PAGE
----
|The pointing machine (La Machinetta di punta)
is a one to one proportion,
duplicating device. Which means
you can only copy an object in relation
to it’s own size, but not
enlarge or reduce. The best comparison that
can be made is to the
childhood game “connect the dots”. As
you connect the different
points in their sequence you come up with a picture.
precisely what are you doing only in three dimensions. Where
the dots has as an x and y axis describing the exact
location of each dot
in relation to the picture plane, the machinetta
method has an x, y and
z axis, from which you can locate each
point of an object in relation to
the space within a rectangular solid.
The first step is to locate the dimensional centers of each of the
x, y, and z planes. In fact, it is best to indicate on a board
pencil those bisecting lines, and then line up the object to
where the centers of the board and the object correspond.
In doing this
you are sure that the object is truly placed in the center
of the rectangular
solid. (figures 1-4)
Then you take the base and mounted foot and fix it to another
plane that has corresponding centerlines. On that board you
three points upon which the tripod/cross will rest,
from which you will
suspend your machinetta (figure 5). These
points should be outside the
dimensions of the rectangular solid,
however they should still be on the
board upon which
mounted the base and foot. Next you fashion a cross/tripod
that will rest on these three points without the tripod having to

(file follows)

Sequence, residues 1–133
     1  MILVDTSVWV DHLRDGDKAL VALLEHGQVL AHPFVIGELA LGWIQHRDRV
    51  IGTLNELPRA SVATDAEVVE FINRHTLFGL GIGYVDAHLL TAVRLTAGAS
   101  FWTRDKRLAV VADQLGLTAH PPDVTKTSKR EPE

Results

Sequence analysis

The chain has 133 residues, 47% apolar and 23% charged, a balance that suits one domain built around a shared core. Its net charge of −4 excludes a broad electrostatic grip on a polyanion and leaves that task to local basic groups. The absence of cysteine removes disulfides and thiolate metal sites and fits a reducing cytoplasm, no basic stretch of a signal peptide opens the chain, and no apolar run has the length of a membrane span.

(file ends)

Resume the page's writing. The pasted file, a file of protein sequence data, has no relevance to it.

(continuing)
the internal bounds of the rectangular solid (figure 6).
Once the cross is made and the tripod is situated, you make a
board with all the bisecting lines and three points in
with the first board. After that you mount your
rectangular solid with
its corresponding centerlines to the new
board. In the end you should
have two boards (figure 7). One
with a base and foot, indicating the centerlines
as well as the
three fixed points, the other with a rectangular solid
mounted to it,
with its centers and three points corresponding to the
Now you are ready to proceed.
You clamp the machinetta to your cross and place the cross’s
legs to their points. Then you proceed to remove material
from the rectangular
solid using the needle as the indicator of
your distance from finished
surface. At the beginning, you only
remove the material to within ¼”
from your finished surface
(figure 7). Keep in mind that one must remove
from the block from all sides. Do not choose a single point
then connect the dots. First, find the outer most points. In the
being shown, one would choose a point on the tip of
the big toe, a high
point of the Achilles tendon, the inner and
outer ankles, the points on
the width of the foot, and the high
points above the arch of the foot.
These are the reference points.
Basically you are roughing out. Continue until you have defined
rough geometric shapes. Such as the cylinder of the lower
leg, the wedge
of the foot. Inevitably getting closer and closer
to the finished surface.
After you have carved surfaces to within a quarter of an inch,
have a your original and a near copy of it, full of
dots that are related
in space (figure 8). Next you continue
carving within 1/32” from
your surface. With the sheer number
of dots it is impossible to keep track
of where you have already
passed. Therefore, you proceed to lightly circle
the dots you have
already brought down to within 1/32” (figure 9).
Once you have carved to within 1/32” all over, it is time to rasp
and sand down to your finished surface. This step requires no
or use of the machinetta, in the end you will have
two identical forms.
One filled with dot circles and bisecting
lines, the other a copy that
has been sanded and polished and is
flawless in its replication of form.
Plaster Foot on base
with x,y & z
with proper dimensions
Foot, base and board with
coordinated bisecting lines
with layout lines
corresponding to the foot
Measure and place
the tripod points
The cross and tripod
Your starting point
Carved to within 1/4"
Carved to within 1/4"
Carved to within 1/32"